As most people know, women’s rights have been a major focus of mine, particularly the continued prevalence of violence against women (VAW). This kind of assault on humanity takes many forms, which I would like to bring to public attention and begin a dialogue on over the next few months.

The United Nations (1993) defines violence against women as:

any act of gender-based violence that results in, or is likely to result in, physical, sexual or psychological harm or suffering to women, including threats of such acts, coercion or arbitrary deprivation of liberty, whether occurring in public or in private life.

However, because of more narrow criminal definitions in Canada, reports on violence against women fall significantly short of capturing the true extent of this issue. For example, Statistics Canada’s (2013) most recent publication on violence against women focused on incidents of violent crimes against women, finding only 1% of women over the age of 15 had experienced violence. Although Statistics Canada includes the General Social Survey data to measure self reported of violence, this survey also only measures criminal violence.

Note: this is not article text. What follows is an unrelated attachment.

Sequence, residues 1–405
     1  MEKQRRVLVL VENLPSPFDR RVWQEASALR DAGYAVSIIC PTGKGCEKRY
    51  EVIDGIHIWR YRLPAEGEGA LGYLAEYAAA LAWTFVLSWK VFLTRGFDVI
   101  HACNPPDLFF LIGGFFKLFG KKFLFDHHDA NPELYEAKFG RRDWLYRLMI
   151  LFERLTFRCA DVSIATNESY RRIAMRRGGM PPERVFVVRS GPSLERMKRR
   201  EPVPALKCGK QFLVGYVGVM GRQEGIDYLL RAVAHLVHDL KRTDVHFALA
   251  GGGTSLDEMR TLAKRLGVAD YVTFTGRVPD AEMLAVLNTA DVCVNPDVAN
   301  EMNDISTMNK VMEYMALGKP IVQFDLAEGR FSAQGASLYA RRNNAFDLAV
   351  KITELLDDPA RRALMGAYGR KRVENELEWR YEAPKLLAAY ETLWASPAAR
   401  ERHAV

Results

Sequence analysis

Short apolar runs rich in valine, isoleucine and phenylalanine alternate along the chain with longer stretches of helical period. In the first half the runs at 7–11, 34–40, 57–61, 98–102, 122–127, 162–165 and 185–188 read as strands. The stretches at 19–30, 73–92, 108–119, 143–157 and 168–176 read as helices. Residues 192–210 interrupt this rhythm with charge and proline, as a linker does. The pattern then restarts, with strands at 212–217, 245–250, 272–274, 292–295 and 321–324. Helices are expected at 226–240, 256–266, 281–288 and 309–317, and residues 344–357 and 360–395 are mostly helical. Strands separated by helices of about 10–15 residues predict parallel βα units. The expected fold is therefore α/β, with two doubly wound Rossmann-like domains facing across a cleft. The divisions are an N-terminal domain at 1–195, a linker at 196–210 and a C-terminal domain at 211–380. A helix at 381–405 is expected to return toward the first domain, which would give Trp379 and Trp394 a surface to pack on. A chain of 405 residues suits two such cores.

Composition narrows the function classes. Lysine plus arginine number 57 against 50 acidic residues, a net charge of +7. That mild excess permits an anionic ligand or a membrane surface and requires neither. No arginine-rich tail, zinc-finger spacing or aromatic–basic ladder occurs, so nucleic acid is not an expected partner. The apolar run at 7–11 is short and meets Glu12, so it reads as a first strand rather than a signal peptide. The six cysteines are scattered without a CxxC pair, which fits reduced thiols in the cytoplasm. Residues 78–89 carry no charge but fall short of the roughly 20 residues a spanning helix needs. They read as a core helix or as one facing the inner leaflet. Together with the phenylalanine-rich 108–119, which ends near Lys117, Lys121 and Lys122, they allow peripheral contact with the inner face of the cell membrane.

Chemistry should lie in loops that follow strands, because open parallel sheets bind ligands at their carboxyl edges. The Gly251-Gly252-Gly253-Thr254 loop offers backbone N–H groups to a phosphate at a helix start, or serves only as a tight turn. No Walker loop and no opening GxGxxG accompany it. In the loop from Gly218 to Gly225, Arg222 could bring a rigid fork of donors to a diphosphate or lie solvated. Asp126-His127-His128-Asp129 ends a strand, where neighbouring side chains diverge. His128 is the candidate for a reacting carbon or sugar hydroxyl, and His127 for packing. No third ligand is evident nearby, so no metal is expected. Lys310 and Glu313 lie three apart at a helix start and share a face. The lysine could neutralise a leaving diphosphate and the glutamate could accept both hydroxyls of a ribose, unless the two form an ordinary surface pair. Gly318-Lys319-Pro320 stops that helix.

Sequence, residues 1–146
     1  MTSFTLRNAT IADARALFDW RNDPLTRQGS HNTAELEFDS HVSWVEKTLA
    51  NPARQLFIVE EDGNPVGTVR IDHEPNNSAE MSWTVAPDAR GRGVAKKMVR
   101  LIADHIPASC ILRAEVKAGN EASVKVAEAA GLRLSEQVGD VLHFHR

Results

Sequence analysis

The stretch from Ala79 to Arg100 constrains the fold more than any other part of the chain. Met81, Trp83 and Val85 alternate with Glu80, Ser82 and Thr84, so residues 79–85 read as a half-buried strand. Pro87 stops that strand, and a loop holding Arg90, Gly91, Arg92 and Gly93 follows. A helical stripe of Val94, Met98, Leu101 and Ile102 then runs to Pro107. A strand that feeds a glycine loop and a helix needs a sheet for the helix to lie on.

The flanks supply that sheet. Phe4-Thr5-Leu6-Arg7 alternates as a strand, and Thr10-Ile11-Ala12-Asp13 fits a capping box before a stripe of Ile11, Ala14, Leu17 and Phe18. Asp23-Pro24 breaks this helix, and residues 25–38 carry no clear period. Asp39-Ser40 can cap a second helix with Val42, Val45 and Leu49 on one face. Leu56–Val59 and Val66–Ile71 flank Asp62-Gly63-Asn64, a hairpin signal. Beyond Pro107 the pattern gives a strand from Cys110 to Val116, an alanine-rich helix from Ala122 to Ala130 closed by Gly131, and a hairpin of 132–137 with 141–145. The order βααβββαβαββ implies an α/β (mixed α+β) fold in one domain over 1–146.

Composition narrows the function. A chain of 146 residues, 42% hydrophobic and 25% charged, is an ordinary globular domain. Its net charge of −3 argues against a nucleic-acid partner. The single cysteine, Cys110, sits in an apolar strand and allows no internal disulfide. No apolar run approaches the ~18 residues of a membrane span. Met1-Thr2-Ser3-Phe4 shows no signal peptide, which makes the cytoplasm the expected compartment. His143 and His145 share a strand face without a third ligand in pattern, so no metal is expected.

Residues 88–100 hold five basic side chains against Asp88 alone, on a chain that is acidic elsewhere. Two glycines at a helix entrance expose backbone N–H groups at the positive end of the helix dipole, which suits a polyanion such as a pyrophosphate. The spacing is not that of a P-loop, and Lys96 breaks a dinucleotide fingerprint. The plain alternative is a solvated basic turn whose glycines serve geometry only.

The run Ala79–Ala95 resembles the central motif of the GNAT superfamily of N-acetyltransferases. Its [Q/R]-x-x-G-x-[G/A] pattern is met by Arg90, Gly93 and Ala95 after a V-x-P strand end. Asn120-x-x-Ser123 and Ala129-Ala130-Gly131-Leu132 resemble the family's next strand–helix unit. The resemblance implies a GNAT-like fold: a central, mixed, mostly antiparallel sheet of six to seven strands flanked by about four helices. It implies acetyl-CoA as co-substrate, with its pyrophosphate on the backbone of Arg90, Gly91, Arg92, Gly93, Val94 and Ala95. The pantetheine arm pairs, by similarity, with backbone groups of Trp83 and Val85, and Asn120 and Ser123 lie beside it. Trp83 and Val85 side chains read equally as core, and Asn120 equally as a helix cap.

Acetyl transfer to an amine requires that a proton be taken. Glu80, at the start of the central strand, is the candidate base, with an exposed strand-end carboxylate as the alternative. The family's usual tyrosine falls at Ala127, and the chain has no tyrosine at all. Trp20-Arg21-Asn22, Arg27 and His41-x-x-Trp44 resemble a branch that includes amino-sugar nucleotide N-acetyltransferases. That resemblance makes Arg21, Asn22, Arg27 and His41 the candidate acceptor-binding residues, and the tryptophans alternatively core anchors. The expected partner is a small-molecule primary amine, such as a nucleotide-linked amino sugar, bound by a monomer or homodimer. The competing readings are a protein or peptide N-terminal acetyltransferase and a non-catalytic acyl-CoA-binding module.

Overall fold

A 1993 Statistics Canada survey, however, asked women about violence outside of the criminal context and found approximately 50% of women experienced at least one incidence of physical or sexual violence in their lifetime. This 1993 Survey provides the most recent data on self reporting outside of criminal violence, best reflecting the United Nation’s definition of violence against women. The estimated annual costs of direct expenditures related to violence against women in Canada are nearly $1.2 billion Canadian for the criminal justice system, police, counselling and training. On the world stage, up to 70% of women are reported to experience violence in their lifetime (United Nations Secretary-General, 2011).

Ultimately, the impacts of violence against women are felt across the world on a personal, familial, and societal level, as women face longer lasting victimization, fear of bodily injury, time lost from work, injuries, and use of medical, mental health, and justice system services.

From now until the fall, I will be writing on the following topics that have been identified as some contributing factors or instances in which violence against women is prevalent in Canada and throughout the world:

  • Patriarchal practices
  • Sex trade
  • Systemic racism
  • Mental health & addictions
  • Poverty
  • Legal issues

Although this is a topic that can never be discussed to completion until all violence against women ends, I look forward to bringing more awareness to these issues and hope we can come together to support awareness and lasting change in our own lives as well as lives across the world.